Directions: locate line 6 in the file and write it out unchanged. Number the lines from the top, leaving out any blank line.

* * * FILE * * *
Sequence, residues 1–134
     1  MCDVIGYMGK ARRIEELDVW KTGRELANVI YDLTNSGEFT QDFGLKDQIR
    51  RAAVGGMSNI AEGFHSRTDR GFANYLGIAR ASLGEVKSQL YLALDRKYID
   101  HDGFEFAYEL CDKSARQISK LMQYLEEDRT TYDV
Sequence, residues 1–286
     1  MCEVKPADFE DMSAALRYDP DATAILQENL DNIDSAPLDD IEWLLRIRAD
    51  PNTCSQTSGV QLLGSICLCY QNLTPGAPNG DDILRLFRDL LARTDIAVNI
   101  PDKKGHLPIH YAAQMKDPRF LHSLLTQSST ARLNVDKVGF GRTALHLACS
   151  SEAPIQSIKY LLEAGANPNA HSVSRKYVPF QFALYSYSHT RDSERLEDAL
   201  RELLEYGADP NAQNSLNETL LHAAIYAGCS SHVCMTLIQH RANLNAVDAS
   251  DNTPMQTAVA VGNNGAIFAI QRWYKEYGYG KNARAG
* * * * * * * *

     1  MCEVKPADFE DMSAALRYDP DATAILQENL DNIDSAPLDD IEWLLRIRAD